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I have just been diagnosed with diverticulitis just over a week ago at the age of 56 , I have probably had the symptoms for over 2 years but put it down to have no gall bladder which was removed many years ago. The news has come as a real shock but have been slightly overweight for a while and was not great on the exercise front. 

I am not a big drinker but have a few pints on the occasional Friday night but have not had a drink since being diagnosed and am not sure what the effect is going to be if I do.

Has anyone had bad reactions to alcohol or has everyone just stopped drink completely as I read i cannot drink at all?

I am a social person and am attending a soul festival in 10 weeks time and the guys I am going with are all big drinkers so doubting whether i should go as it will be so hard to try and eat and drink the right things.

I am feeling quite low after reading many things regarding this illness as it seems life is not much fun once you have it.   

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9 Replies

  • Posted

    Hey Rusty

    It's different for each person. I've had DD for 25 years but only had 2 flares.

    I would advise you to ease off on the booze front and on the food front. Everything in moderation works pretty well for me and I can have the odd pint or two and wine and spirits. If I overdo it it comes back to remind me. You'll get a lot of advice on here and some of it is good.

    This disease is NOT the end of the world there are much worse things you can contract so be thankful for now for that.

    When you are in a flare up things are different and you have to "rest" your bowel. So liquid (ish) diet for a few days let's things settle down. You will get to know when and what you can get away with. You will probably find that you have more discomfort from the antibiotics etc than the prime condition however they are a necessary evil in eradicating infection which is what has caused the flare up.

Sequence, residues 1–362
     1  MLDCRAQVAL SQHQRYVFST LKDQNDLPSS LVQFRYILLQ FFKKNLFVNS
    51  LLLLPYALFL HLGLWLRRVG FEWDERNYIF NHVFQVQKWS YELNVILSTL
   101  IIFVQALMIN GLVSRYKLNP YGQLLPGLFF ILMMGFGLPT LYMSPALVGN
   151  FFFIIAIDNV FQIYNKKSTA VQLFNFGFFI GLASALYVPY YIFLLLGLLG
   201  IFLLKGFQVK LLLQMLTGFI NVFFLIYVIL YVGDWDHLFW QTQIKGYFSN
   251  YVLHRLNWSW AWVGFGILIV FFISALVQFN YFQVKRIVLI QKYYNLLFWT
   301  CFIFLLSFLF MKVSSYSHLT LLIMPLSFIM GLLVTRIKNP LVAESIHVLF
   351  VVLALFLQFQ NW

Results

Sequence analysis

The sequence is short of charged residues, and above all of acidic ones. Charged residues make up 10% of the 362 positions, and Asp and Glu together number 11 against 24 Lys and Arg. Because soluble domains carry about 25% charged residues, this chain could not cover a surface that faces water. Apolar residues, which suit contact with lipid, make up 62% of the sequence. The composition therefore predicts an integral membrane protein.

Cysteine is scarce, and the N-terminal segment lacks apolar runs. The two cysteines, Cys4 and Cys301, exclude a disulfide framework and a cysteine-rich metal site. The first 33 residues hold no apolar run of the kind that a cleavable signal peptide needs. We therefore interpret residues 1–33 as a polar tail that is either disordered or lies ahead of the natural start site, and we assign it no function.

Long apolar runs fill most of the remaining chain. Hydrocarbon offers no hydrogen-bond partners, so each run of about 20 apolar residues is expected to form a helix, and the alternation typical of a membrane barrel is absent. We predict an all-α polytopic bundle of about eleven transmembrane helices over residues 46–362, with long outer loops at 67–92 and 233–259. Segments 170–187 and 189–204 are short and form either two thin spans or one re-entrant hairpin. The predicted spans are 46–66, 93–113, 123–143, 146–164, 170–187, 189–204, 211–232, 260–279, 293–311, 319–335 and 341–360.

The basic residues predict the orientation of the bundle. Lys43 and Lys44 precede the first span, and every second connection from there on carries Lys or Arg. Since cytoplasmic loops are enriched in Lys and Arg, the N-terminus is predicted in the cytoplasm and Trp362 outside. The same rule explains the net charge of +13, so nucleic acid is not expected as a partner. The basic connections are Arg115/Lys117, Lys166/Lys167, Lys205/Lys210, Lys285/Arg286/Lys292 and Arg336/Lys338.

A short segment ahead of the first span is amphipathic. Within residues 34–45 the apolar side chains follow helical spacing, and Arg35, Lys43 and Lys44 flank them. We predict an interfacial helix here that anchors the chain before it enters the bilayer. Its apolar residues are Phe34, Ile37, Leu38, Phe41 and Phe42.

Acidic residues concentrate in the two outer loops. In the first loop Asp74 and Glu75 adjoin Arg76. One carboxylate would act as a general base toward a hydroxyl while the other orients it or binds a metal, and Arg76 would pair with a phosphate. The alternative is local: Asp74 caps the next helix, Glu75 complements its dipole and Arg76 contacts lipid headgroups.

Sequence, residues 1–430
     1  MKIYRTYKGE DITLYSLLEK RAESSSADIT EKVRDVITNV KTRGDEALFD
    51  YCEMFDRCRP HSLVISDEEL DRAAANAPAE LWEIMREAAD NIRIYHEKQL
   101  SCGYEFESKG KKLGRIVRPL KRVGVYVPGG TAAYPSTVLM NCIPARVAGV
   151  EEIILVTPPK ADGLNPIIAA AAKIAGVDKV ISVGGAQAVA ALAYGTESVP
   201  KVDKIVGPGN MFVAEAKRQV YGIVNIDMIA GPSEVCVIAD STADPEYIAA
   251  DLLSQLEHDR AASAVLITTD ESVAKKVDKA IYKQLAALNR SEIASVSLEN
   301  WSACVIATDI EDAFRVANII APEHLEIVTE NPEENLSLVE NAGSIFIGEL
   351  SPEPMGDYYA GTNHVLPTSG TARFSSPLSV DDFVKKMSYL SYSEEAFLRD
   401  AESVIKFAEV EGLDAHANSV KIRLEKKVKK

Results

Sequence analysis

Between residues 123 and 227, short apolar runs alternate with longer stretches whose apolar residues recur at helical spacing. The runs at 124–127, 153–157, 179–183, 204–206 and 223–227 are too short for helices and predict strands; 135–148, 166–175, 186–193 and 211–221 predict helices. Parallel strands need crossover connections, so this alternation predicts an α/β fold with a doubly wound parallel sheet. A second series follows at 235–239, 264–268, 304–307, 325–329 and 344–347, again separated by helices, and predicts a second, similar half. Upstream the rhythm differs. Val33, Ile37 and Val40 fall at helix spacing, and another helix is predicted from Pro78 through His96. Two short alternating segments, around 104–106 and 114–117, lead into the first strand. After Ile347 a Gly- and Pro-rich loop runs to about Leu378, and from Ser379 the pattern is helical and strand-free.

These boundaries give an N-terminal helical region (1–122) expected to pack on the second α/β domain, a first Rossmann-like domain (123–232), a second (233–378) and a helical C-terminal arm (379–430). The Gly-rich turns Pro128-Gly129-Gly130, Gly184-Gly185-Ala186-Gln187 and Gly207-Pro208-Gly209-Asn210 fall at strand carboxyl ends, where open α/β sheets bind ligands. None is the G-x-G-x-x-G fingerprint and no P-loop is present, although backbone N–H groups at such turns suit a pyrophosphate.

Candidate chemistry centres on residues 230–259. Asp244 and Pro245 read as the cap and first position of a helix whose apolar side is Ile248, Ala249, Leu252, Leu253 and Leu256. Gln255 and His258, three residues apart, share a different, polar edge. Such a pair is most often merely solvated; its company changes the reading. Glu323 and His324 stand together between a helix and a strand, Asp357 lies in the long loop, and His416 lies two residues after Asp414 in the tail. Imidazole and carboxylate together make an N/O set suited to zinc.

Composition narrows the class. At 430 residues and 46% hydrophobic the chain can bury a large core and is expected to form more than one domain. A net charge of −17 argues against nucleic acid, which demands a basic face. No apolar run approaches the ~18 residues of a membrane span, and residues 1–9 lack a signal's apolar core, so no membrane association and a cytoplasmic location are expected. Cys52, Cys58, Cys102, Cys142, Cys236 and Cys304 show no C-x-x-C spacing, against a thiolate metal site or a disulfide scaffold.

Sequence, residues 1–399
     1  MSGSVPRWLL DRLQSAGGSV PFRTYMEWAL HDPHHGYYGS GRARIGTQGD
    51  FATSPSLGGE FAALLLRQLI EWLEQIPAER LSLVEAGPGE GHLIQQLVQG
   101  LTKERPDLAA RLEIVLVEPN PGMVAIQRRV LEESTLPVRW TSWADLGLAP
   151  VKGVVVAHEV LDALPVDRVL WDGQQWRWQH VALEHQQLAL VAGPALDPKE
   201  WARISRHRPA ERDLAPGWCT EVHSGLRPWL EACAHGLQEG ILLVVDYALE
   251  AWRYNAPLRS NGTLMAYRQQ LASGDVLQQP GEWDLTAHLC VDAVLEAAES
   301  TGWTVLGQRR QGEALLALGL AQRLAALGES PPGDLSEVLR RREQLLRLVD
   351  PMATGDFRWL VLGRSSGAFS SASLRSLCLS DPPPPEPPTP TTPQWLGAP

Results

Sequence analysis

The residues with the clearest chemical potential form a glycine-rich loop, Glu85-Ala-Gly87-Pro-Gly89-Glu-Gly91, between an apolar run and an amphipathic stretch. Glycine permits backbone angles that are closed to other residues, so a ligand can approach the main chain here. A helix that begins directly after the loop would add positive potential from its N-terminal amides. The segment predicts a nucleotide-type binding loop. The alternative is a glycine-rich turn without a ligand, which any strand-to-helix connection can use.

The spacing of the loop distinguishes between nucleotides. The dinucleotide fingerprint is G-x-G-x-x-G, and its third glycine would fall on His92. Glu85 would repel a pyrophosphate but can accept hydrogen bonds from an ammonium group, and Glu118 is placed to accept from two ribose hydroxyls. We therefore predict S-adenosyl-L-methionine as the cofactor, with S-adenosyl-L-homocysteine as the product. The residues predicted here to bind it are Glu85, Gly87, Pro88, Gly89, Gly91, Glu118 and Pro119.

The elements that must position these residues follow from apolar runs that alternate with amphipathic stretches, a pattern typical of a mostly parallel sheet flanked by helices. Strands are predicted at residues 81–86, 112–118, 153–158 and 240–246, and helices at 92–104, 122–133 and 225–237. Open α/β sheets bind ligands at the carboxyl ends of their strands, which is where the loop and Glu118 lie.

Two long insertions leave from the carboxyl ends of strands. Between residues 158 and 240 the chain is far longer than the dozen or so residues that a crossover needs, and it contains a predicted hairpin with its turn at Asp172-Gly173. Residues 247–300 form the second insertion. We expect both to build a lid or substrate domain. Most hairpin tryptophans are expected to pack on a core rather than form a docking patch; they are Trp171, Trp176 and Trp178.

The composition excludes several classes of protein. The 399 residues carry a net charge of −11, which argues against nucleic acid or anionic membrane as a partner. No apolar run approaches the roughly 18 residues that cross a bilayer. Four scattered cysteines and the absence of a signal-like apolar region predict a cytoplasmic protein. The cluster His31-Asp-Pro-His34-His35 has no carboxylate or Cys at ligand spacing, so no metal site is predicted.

And don't forget that over 60% of adults have diverticular disease it's only when the DD gets infected that people know about it.

    Good luck mate. regards Pete

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    • Posted

      Thanks Pete 

      Must admit feeling a bit sorry for myself but this has cheered me up a bit , I think its a bit of trial and error but will keep things in moderation and exercise more I am sure this will help.

      Cheers

      Paul 

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  • Posted

    There is so much conflicting advice to be read on the Internet, from avoiding a great long list of things, to eating anything you want.  It can scare you silly as well as completely confuse you!!  You should certainly not be drinking alcohol whilst you are on medication. It takes a good few weeks to get over an attack, from both the illness and the severe side effects of the medication.  So you will feel rough for a bit, but in 10 weeks time you should be feeling very much better.  I have had this illness for 17 years and lead a totally normal life, taking part in competitive sport and in general doing anything I want, or my dodgy hip lets me.  So life goes on!